Tuesday, September 29, 2009

Creating real value for sailing's sponsors

To start off the second posting in this series, I want to quickly discuss the partners that make up a Volvo Ocean Race or America’s Cup team:

The Sponsor: The sponsor is the end customer. The sponsor’s key competence is aligned with their core business, whether it be manufacturing cars, writing software, consulting businesses, banking or designing handbags. The sponsor makes decisions on building new factories, hiring employees or launching marketing programs, based on that project’s investment yielding a positive Net Present Value (NPV).

The Activator: This is typically an events agency such as Momentum, Octagon, or IMG. They work for the sponsor to build all of the auxiliary activities upon the sailing property platform.

The Property: This is the sailing team. It provides the base for the activator to build a positive NPV business development program targeted at the sponsor’s core business. The end goal of the sailing team is to manage the sporting operations, while supporting the activator’s plan.

I’ve read a lot of team sponsorship proposals over the past 5 years: Volvo Ocean Race, America’s Cup, World Match Racing Tour, European IRC, and Med Cup teams... Most sponsorship proposals lose sight of, both, the customer and the product. When I read most sponsorship proposals, generally, my first thought is ‘Hey, I’d love to sail for this team. This is going to be fun.’ The proposals talk about the race, adventure, prestige, competition, sailing team members and the program’s management structure - all of the key elements to winning a sail boat race. While this type of presentation does have a place in the sales cycle, it does not focus the product to the customer. The product that we are selling is a platform for corporations to leverage their core business goals.

Remember, we are selling the activation plan, and not the sailing team. The reason for this is straight forward; If a sponsor only financed the sailing property and did not make a further investment into activation, they would, most likely, just barely recover their costs of the property's sponsorship cost. However when the property is coupled with a sophisticated activation program, then 2 things happen; Not only is the activation the source of the most significant returns on investment, but also, the activation, through network effects, brings more attention to the sporting property, thus increasing the returns that the sporting team generates. The following illustration gives a basic insight to this principle.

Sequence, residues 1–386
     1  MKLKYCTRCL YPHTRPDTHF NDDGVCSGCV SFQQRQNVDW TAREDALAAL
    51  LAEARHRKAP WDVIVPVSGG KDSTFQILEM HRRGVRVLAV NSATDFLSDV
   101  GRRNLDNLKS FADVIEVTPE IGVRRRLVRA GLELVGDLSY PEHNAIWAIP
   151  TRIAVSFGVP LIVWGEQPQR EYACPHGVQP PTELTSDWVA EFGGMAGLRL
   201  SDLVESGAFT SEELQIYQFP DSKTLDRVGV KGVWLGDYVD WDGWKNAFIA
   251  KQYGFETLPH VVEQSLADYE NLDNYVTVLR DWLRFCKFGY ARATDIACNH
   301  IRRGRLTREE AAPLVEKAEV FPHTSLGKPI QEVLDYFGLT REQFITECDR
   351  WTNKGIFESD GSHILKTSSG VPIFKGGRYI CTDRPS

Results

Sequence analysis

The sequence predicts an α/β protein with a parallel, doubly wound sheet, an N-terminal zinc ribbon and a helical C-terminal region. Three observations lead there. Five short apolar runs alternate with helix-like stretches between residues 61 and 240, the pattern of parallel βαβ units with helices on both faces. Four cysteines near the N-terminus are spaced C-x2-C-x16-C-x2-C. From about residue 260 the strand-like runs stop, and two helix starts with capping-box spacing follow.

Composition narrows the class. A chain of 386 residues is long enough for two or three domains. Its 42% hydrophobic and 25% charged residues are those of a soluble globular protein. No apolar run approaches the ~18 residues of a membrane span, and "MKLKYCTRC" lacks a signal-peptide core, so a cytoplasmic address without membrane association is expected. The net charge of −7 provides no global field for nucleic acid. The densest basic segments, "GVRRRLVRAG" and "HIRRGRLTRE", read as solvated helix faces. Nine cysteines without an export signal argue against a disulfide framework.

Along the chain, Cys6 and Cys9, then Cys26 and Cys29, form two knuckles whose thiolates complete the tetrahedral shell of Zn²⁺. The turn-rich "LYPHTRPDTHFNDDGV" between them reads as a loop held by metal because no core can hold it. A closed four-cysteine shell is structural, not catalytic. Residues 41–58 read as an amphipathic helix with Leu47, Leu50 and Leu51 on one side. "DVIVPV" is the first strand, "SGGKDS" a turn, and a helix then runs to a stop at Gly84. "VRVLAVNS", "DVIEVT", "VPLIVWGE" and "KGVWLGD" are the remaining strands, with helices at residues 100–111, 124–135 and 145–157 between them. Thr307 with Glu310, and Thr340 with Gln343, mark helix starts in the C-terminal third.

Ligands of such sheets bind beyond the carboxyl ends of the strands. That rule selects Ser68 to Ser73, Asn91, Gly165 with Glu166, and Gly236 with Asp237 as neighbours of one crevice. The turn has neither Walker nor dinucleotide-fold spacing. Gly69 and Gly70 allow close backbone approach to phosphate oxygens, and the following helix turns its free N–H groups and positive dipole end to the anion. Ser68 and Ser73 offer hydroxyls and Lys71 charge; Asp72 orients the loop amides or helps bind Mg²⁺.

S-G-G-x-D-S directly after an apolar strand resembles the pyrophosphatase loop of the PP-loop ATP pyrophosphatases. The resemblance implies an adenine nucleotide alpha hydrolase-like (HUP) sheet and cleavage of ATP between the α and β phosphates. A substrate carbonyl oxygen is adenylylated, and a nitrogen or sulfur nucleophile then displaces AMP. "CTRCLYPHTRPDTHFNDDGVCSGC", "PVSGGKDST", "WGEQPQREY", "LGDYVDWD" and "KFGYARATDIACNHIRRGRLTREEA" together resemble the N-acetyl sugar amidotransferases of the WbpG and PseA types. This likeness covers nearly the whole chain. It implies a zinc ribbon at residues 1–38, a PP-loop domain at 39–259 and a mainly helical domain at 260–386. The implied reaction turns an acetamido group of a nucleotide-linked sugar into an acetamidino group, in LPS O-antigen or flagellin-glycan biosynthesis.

Since we've examined the marketplace (in part 1), understand how commercialized sailing projects are structured, how sponsors financially justify their investments, and where the real value is generated we are now ready to look at the sell cycle....stay tuned for part 3 of this series.

Thanks for posting questions and comments, I'll continue to post responses.

-Matt out
37 48.0N
122 26.6W

Friday, September 25, 2009

Filling the Sponsorship Pipeline

I’ve decided to kick off a multi-part series of posts on the ‘Commercialization and Business of Professional Sailing’ as a bit of a change from my typical ‘Life from the Nav. Station’ pieces. This has been a personal interest of mine for some time, but seems particularly timely given where we are with the VOR and America’s Cup timelines. In this first part I will establish a baseline for where 'we' are in the global sponsorship market place.

Let's dig in...
With the start of next Volvo Ocean Race two years away and the America’s Cup/Louis Vuitton Series, ostensibly, returning to life, we sailors are asking: “Who’s going to be on the starting line”. While some of the teams will be underwritten by wealthy ‘hobbyists’, both the Volvo Ocean Race and the America’s Cup have their eye on the commercialized sports level where F1 and NASCAR currently reside.

What does this mean?
There are a lot of corporate sponsorships that will need to be sold in the next 12-24 months. Consider that an America’s Cup team will spend at least $20 million, and a Volvo Ocean Race team spends about $8 million annually. With an idealistic, 12 AC and 12 VOR teams, there is at least a $336 million annual pipeline that must be filled to sustain each event. To add some perspective on what $336 million represents in the advertising industry, in 2008 $918 billion was spent globally on all forms of advertising; $16.8 billion was spent on sponsorships, and 69% ($11.6 billion) of those sponsorships were allocated to sports (IEG Sponsorship Report)Thus the America’s Cup and the Volvo Ocean Race teams should represent a 2.9% market share of global sports sponsorship.

By way of comparing the VOR or AC to other sponsorship properties:

  • The title sponsorship of a week long PGA event has a price tag of $15 million.
  • A full year (38 race) title sponsorship of a NASCAR team costs $18 million.
  • Each ‘Gold Level’ sponsor of the 2008 Beijing Olympics spent $100 million.
  • A top tier Formula1 team’s annual operating budget in 2008 was $400 million.

If you consider that, practically, none of the AC or VOR teams have financial commitments from commercial sponsors at this point in time, we have a long-long ways to go to reestablish professional sailing’s stake in the global sponsorship market. In the second post in this series, I will discuss (what I see as) the make up of a successfully commercialized sailing project. Please post comments and questions. I will post responses to each of them.

-Matt out
37 48.0N
122 26.6W